Public Opinion in S. Korea is Key to Resolving Wartime Requisitioned Workers Issue
16:37 JST, March 17, 2023
A plan to solve the issue of lawsuits linked to former wartime requisitioned workers from the Korean Peninsula “has laid the groundwork for both countries to discuss future-oriented development” of their relationship, South Korean President Yoon Suk Yeol asserted at a joint press conference with Prime Minister Fumio Kishida after their summit on Thursday.
The plan, announced by the South Korean government on March 6, calls for a South Korean foundation to pay plaintiffs an amount equivalent to court-ordered compensation in lieu of the two defendant Japanese companies, and it does not presume funding from the Japanese companies.
In South Korea, this announcement has been widely perceived as a concession to Japan.
From that perspective, South Koreans were paying attention to how far Yoon could draw out Japan’s “responses” at the meeting. In South Korea, there are calls to seek a fresh apology from Japan and donations by the Japanese companies to the South Korean foundation.
At the press conference following the meeting, Kishida expressed his intention to maintain the position of successive cabinets on historical recognition, including the 1998 Japan-Korea Joint Declaration, which clearly states Japan’s “deep remorse and heartfelt apology” for colonial rule.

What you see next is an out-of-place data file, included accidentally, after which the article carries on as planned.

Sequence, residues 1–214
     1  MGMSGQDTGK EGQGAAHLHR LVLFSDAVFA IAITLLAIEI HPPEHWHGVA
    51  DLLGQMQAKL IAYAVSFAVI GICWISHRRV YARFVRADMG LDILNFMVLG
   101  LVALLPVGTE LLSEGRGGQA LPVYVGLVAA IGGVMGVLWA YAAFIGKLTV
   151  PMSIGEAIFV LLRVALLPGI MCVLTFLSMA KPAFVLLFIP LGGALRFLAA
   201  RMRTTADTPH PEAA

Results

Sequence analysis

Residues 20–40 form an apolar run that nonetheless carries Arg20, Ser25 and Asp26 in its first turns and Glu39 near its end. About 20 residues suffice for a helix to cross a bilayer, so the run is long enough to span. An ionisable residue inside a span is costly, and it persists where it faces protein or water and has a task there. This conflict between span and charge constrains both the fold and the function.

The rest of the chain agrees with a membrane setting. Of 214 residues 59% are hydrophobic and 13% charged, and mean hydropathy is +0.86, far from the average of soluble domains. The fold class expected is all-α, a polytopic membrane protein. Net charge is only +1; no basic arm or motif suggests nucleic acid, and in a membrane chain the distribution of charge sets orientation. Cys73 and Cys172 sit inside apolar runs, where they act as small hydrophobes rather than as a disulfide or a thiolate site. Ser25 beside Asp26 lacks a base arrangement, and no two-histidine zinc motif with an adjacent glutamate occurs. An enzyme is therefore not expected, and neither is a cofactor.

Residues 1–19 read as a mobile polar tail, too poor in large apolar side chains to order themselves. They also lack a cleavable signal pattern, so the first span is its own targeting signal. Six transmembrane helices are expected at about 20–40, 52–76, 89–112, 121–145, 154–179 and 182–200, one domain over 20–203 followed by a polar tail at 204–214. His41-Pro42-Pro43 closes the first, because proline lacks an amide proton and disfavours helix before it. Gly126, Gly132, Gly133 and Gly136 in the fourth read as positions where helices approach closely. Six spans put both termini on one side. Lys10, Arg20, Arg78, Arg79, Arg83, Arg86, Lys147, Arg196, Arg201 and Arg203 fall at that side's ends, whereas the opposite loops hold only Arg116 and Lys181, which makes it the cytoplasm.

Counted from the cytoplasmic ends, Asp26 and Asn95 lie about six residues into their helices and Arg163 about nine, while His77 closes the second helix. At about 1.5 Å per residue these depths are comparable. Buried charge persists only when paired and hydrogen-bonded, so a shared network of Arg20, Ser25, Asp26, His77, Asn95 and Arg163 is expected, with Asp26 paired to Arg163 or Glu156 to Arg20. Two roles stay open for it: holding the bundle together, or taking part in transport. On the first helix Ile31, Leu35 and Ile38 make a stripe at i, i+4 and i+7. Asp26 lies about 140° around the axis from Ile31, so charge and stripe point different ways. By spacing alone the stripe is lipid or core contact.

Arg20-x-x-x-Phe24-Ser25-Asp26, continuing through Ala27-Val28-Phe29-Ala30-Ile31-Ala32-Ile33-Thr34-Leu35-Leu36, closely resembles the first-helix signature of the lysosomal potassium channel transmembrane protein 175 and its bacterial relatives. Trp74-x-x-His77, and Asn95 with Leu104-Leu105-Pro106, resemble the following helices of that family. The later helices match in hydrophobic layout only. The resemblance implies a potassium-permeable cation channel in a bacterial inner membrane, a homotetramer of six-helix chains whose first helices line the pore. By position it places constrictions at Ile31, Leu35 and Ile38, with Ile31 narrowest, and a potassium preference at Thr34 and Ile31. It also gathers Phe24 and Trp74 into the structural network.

Yoon cited Japan’s announcement that it would lift its tight restrictions on exports of three items, including semiconductor-related materials, to South Korea as an achievement at the same press conference.
Yoon also likely counts as an achievement the announcement of a plan by both countries’ business communities to jointly establish a fund for projects in fields such as youth exchanges.
However, it is unclear whether these efforts will assuage opposition inside South Korea.
During the press conference, a South Korean reporter pressed Yoon: “What is the national interest we can receive from this meeting? Will it satisfy our people?”
In his answer, Yoon stressed that the national interests of Seoul and Tokyo “are not a zero-sum game.” Yoon added that an improved relationship would also benefit South Korea in its response to missile launches by North Korea.
In South Korea, some plaintiffs who oppose the planned solution have shown a willingness to continue their court battle. The left-wing Democratic Party of Korea, the largest opposition party, is criticizing the solutions as a “servile tributary diplomacy” in anticipation of a general election in April next year.
Kishida said at the press conference that he would “continue to produce results one by one.” Yoon likely hopes that such remarks by Kishida will lead to further steps by Japan on the issues of former requisitioned workers.
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